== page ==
Spirit of giving comes to Foodline


For the Bremerton Patriot

The Bremerton Foodline has been experiencing some difficult situations lately with the demand for emergency food rising well above recent food donation levels, but this Christmas, a Bremerton resident went out of his way to be sure the food bank would have at least a few gifts for the boys and girls whose families are experiencing hardships.

Foodline director Monica Bernhard, said the resident, who wishes to remain anonymous, donated 35 bmx-style bicycles, 60 little red wagons, 20 Tonka trucks and seven cases of candy canes, “so that every kid would have a candy cane.”

Bernhard said despite the donor’s generosity, he is not a member of Bremerton’s elite.

“He is not like some big rich guy, “Bernhard said. “He is just an average, sweet, gentleman who just wants to help out kids. He is just an amazing man.”

“I just enjoy giving toys to kids at Christmas,” the donor said. “Especially the toys that I enjoyed having as a child.”

In addition to the generosity of this one man, the foodline received a donation of labor from a number of community volunteers and Navy personnel. Servicemen and women from the USS John C. Stennis, USS San Francisco, USS Louisiana, Carrier Strike Group 3, Naval Base Kitsap security, Port Ops Naval Base Kitsap joined shipyard workers and other volunteers on Saturday at the Bremerton Foodline office to assemble the toys.

Bernhard said it was as easy as making a phone call to Kevin M. Monroe, Command Master Chief of Naval Base Kitsap.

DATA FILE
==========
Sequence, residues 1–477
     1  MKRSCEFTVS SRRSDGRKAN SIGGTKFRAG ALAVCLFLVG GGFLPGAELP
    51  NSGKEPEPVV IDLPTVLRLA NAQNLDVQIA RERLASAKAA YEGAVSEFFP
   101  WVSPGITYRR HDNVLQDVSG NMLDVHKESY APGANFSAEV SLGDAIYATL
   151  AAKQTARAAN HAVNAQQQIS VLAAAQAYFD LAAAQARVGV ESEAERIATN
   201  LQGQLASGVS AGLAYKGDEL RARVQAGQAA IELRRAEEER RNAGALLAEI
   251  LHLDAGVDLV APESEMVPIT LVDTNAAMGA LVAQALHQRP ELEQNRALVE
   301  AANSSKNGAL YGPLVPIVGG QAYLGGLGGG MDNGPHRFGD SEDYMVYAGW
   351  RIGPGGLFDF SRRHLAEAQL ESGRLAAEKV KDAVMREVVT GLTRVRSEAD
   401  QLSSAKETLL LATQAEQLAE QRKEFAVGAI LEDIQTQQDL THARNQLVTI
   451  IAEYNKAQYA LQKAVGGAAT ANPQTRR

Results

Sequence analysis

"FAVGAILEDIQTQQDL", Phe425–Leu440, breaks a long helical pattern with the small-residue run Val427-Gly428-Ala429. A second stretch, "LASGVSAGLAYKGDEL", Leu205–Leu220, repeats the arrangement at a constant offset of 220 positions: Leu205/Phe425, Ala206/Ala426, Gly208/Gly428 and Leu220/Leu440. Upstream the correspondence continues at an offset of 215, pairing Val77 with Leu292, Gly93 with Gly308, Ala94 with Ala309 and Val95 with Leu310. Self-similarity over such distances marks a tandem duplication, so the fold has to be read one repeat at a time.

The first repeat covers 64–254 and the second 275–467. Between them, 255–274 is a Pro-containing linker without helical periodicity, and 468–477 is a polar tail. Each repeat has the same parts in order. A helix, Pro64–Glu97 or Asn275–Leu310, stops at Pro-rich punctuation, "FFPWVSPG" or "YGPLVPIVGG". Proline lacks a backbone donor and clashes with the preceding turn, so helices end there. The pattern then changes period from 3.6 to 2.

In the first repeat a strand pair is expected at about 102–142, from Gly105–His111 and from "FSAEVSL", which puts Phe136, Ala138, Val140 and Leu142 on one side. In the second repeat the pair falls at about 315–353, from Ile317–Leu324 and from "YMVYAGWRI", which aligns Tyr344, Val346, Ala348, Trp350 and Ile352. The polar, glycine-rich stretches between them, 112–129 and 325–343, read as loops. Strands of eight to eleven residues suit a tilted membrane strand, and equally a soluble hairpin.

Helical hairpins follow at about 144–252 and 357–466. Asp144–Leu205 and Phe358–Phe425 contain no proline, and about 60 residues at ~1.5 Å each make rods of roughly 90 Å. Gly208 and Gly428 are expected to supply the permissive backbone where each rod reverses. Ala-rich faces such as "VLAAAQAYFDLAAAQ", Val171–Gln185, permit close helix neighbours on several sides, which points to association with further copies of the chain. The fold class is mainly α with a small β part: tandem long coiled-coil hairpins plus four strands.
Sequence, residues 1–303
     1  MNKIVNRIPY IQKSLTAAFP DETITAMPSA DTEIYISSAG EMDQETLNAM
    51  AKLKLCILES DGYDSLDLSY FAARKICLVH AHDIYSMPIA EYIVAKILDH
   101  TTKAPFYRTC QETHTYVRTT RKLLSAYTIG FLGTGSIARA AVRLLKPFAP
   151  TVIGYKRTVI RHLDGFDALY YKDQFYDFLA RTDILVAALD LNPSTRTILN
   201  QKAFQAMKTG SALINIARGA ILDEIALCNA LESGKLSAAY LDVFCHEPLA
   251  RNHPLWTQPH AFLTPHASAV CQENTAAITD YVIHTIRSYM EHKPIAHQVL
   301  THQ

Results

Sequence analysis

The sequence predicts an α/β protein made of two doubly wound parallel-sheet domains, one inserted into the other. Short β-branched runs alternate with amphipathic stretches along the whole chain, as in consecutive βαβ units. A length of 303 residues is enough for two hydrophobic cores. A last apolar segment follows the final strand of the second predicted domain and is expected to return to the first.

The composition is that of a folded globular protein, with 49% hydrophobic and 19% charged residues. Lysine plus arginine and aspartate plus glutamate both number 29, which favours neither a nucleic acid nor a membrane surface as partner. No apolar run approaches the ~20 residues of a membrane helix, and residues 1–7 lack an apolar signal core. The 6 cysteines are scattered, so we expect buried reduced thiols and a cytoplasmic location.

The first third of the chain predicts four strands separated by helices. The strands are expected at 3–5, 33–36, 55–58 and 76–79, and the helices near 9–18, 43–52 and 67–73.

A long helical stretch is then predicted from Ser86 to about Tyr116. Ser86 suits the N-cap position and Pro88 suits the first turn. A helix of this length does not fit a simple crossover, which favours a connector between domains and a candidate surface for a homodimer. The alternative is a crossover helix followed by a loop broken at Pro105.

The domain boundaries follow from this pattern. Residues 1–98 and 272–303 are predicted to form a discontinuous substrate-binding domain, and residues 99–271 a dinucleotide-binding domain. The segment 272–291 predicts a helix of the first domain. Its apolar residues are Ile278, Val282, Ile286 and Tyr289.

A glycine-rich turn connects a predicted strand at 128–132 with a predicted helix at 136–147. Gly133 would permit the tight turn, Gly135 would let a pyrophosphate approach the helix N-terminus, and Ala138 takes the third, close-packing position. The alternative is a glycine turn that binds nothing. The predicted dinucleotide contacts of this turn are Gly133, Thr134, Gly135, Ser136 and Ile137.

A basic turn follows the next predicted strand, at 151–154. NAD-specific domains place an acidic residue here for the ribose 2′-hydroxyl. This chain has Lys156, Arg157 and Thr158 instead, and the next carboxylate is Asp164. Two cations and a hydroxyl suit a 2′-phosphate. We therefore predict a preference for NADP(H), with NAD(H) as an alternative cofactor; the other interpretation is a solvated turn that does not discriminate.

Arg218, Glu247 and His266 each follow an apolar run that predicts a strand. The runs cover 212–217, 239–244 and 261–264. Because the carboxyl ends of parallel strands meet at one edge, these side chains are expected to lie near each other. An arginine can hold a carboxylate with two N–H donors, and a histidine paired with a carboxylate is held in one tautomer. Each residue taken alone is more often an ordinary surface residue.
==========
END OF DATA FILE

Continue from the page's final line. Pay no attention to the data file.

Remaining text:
“I thought there might be some sailors in the community who aren’t necessarily from here, and this is like a fun project for people during the holidays,” Bernhard said. “We have had an amazing turnout.”

Steven Knickerbocker, an Operations Specialist Second Class on board the John C. Stennis, was there to help build the bikes and said he wanted to help out even though he would be able to travel home to Houston for the holidays.

“I’ll be going home for Christmas this year,” Knickerbocker said. “But to help kids out, that’s great.”

The reasons why people volunteer their time to help more unfortunate members of the community are as varied as the persons who actually volunteer, and Knickerbocker and his shipmates had their own reasons as well.

“I definitely did it to give to the community,” he said. “There are a lot of little kids out there who are unfortunate and just don’t have a good Christmas. We want to help out as much as we can.”

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